Wednesday, December 19, 2007

Think Globally. Eat Locally.

A quick post from the home front. Weather permitting, Fumie and I will run into New York City when we can - such as today's epic trip to the Hungarian Consulate in my ongoing effort to obtain my Hungarian passport. But quite often we are bouncing around someplace in Bergen County, New Jersey, a few miles ( or - for europeans - an even few more kilometers) outside of Manhatten. In Teaneck, when pressed for cheap lunch, I will often spring for the local Popeye's Fried Chicken franchise. Popeye's is the Second Best Fried Chicken in the World.The Best Fried Chicken Franchise In the World is actually Church's Fried Chicken, but they don't have any outlets around these parts. Both are marketed as "Urban" fast food... i.e., food sold in Black neighborhoods. Both Popeye's and Church's offer symbolic "southern" or "soul food" options - cajun rice, fried okra, and at both, biscuits. White folks eat Kentucky Fried. I don't.Popeye's southern style biscuits - fresh, these are good enough for a meal in themselves. Note the Hungaro-Judaic bottle of seltzer next to biscuits... there is no gassy mineral water in the US. At all. Carbonated seltzer water is how we make do in times of need.
Just down the road from Teaneck is the township of Palisades Park, with the largest local population of Koreans in the North Jersey area. Which is a good thing. A very good thing. Woo Jung Korean Barbeque is just one of about thirty local Korean restaurants in what used to be one of the poorest and most run down towns in North Jersey. The Koreans moved in during the 1990s and totally revitalized the area commercially and socially. And they brought some damn good food.The banchan layout at a Woo Jung dinner. Fumie was hipped to this place by postings written on New York Japanese blog sites. The Japanese are wise to the fact that the local Korean cuisine is better than anything available in Tokyo... and probably the best in the world outside of Korea itself. Below is some galbi - short ribs grilled on the BBQ table. Woo Jung uses real charcoal brought to the table by a waiter, not a gas fired grill... makes all the differenceJust over the river is Hackensack there is Wondee's Thai Restaurant - which serves cheap lunch on Main Street to the local Thai community. Fumie is in noodle heaven... she particularly enjoyed watching a local Chinese-American woman try to explain to the very Thai waiter how a "real" Pad Thai (stifle laughter...) should be made.Wondee's is the most authentic Thai place we have found yet - it tends to trip up most Americans who think they know "real" Thai food. Fumie spent months eating in Chiang Mai - where her sister worked for a decade. When Fumie walked in she took one whiff of the smell and said "this is the place."Of course, there are American options to choose from. Legal Seafoods used to be a shack on the Boston Fish Pier where I used to go when I was in University. Cheap, simple, good, and fresh. These days they are a huge national chain, still everything they used to be except cheap and simple. But still good enough for Seafood Woman From Tokyo to attain her invertabrate fix. Behold the lobster. The last lobster we set eyes on was in Croatia, it had no claws, and it cost something like 100 Euros. This was cheaper, and had claws. Fumie ate the claws. I got some tail and the exquisite soft shell steamer clams and mussels. And I also got to eat some of the tail....Fumie went with the cioppino which is a seafood soup (lobster, clams, fish, musells, scallops... etc.) that dates from the days when Italian fishermen ran the California sardine fisheries, as portrayed in John Steinbeck's novel Cannery Row. The Santa Cruz version of brodetto is cioppino. It may be one of the most authentic continental American dishes there is. If you like aquatic invertabrates for dinner, this will do it for you. Seafood porn on a plate. And since it is Xmas season, we want to wish you all a merry Christmas and especially to those poor promotional saps from Ontario forced to stand in a freezing giant fishbowl in Bryant Park in NY City promoting the exotic winter pleasures available in far away.... Ontario... Canada...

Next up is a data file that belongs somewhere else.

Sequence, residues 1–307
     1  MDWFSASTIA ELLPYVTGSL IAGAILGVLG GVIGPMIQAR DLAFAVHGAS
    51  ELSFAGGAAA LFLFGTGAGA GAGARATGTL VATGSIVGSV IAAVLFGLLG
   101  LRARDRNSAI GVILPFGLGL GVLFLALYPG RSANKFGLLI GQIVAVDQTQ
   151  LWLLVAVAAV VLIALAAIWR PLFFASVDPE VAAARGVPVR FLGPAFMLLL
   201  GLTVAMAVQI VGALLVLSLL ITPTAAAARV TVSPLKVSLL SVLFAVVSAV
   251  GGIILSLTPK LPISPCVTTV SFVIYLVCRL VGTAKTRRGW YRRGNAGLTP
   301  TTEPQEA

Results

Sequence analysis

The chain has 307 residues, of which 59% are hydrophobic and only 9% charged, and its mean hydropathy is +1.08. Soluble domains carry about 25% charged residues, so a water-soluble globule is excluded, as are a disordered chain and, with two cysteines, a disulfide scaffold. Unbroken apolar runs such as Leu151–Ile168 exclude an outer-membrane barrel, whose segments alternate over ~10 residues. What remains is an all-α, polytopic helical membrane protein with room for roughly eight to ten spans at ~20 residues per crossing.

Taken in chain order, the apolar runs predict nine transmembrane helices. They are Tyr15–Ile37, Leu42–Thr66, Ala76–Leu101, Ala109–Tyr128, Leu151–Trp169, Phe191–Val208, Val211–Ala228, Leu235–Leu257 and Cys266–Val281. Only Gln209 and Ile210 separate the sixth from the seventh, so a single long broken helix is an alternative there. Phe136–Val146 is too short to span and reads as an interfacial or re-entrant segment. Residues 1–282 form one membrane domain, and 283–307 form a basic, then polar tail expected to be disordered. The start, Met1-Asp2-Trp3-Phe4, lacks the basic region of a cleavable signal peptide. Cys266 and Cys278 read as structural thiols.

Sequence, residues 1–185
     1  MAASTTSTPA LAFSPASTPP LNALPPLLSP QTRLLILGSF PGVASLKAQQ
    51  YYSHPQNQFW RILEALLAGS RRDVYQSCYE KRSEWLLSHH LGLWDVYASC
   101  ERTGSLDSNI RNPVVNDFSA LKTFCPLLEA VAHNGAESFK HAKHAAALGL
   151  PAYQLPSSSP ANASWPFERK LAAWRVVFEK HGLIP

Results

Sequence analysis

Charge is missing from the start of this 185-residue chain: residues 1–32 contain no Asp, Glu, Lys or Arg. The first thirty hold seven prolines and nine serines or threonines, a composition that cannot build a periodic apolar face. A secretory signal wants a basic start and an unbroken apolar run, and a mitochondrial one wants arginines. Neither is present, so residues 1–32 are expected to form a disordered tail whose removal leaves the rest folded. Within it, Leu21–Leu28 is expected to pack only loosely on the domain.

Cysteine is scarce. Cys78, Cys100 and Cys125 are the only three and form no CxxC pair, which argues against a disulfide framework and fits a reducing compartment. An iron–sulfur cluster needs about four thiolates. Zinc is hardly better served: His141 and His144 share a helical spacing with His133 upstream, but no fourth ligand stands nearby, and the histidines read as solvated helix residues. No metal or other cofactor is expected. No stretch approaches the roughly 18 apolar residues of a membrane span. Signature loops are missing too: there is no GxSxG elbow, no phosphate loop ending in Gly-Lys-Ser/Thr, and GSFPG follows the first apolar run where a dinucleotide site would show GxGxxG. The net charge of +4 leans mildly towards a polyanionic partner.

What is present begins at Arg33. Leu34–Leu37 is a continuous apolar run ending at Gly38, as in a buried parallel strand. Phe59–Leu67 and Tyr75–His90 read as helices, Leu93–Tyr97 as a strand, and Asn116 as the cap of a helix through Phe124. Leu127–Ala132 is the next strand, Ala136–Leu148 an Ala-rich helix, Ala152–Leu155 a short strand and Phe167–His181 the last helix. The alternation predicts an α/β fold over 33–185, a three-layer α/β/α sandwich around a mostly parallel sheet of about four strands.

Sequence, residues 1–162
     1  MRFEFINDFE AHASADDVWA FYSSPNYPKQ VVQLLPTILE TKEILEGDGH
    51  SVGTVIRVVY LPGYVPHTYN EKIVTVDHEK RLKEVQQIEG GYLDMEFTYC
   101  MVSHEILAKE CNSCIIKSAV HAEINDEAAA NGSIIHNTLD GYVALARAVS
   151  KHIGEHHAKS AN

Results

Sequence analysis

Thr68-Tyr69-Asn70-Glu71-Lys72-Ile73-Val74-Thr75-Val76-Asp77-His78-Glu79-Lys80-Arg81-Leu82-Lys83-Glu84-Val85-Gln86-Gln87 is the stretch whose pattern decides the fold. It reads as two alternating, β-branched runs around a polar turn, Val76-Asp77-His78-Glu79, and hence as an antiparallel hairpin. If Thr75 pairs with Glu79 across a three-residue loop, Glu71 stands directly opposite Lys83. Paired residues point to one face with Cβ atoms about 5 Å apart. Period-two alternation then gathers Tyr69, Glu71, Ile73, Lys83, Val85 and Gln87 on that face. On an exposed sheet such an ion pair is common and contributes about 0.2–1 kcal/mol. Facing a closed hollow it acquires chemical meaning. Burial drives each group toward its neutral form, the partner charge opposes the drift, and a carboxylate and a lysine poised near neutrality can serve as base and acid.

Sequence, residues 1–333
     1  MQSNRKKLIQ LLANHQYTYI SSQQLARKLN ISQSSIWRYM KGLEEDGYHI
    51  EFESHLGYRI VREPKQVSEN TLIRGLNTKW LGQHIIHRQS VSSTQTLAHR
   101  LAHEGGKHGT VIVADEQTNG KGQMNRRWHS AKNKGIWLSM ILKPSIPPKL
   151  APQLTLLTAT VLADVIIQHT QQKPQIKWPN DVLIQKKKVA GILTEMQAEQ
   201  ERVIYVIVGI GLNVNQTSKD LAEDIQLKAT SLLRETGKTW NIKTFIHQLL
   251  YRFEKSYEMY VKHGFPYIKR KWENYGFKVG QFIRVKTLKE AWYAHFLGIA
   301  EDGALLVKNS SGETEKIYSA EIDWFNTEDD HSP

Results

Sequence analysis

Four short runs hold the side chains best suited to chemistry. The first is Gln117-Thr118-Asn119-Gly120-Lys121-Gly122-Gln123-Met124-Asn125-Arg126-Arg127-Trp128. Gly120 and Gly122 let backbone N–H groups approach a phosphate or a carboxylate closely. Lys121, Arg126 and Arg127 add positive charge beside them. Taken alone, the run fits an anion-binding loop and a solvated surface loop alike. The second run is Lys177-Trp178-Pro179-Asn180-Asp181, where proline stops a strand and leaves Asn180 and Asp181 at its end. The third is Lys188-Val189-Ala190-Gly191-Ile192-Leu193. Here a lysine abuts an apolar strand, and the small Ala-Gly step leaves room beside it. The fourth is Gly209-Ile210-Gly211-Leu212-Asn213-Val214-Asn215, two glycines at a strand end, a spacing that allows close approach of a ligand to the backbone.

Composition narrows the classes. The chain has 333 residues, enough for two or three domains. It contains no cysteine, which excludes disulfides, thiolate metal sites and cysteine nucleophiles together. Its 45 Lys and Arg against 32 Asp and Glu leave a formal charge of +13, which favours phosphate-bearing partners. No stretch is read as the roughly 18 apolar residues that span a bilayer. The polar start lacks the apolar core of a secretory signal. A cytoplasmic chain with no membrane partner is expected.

1 comment:

Pink Granite said...

I'm happy to hear you like Legal Seafood. But I don't see any of their onion strings in the photos. They beat the french fries hands down!
Happy Holidays all around!
- Lee